Feeling the first waves of despair, he frowned at the sole opening he had to the world. The cell was below ground level. Only a grill in the ceiling connected him to the street outside. Jackanapes could have used it to escape, but it was no method of flight for him.
While he was lost in these thoughts, a wooden panel slid back in the doorway to reveal a pair of questioning eyes.
“How are we?” Asked the gaoler cheerfully.
“Rank. At the lowest point of my life,” said Siskin. “You?”
“Can’t complain. Mustn’t grumble,” said the warder, still peering through the eye slit. “You learn to count your blessings in this job.”
“I guess you can’t count your pennies. I wager they don’t pay you too well for this lark.”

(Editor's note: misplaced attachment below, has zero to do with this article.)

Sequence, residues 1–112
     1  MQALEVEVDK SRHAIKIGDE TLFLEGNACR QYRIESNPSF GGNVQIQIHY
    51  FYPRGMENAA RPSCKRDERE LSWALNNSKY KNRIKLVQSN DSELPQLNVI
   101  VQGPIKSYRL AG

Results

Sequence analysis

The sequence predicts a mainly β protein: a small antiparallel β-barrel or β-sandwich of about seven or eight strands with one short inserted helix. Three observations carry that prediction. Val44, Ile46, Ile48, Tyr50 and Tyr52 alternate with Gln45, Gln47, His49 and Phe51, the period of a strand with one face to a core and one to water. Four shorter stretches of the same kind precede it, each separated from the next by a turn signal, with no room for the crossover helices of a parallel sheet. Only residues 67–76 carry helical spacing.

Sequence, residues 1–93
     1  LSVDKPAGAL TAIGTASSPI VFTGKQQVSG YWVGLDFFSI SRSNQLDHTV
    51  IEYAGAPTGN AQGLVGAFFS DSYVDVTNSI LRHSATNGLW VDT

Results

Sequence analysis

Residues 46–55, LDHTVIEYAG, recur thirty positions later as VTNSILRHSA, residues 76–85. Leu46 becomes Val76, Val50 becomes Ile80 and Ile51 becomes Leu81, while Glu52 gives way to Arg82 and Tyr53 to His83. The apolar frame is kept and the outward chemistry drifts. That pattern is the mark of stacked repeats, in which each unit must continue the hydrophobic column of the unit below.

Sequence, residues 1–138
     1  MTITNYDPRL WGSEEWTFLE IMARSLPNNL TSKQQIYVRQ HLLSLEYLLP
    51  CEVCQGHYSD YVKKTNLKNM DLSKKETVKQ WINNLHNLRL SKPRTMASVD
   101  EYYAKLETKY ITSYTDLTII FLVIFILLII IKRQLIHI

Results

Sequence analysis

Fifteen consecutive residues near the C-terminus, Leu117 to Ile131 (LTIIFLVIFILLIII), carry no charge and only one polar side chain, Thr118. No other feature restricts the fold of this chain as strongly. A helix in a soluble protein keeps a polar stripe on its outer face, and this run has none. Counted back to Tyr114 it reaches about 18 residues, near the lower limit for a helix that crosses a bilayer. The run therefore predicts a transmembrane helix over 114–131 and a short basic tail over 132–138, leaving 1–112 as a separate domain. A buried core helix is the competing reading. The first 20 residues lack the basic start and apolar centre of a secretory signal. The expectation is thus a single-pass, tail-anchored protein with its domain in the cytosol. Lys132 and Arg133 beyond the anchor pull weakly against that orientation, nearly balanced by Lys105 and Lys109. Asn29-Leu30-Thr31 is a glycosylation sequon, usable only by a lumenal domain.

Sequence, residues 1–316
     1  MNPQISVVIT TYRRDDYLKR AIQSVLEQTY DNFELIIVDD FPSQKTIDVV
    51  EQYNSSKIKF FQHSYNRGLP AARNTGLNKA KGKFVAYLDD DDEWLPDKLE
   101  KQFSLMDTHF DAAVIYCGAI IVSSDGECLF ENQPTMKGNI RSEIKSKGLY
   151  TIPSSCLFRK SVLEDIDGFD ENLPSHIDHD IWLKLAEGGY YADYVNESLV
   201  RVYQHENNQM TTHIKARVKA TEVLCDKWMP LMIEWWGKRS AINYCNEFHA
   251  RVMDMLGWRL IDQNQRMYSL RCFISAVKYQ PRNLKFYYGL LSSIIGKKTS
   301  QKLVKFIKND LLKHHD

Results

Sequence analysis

“Don’t be like that,” the voice replied. “The wages are poor, that’s true, but you’d be amazed at what you can pick up on the side.”
“Bribes, you mean?”
“Not a word we use here,” said the voice. “It’s like mentioning mutiny on a ship. You know what I’m talking about, outlander, coming from the Sea Kingdoms, as you do.”
“My name’s Siskin.”
“I know that. Everyone knows that. You’re famous, you are.”
“Why don’t you use it then?”
“It’s all part of the degrading experience, outlander. Have you never been in gaol before?”
“Not for a long time. I was never convicted.”
“No, well, that’s the same here too. No one’s ever convicted in Lirara. Not foreigners anyways. They just throw you in here. Job done.”
“Gods alive! So how much do I have to bribe you to get me out?”
The warder gasped. Siskin immediately realised he had made a mistake. With fingers wrapped around the panel, the man was just about to pull it shut, when something changed his mind.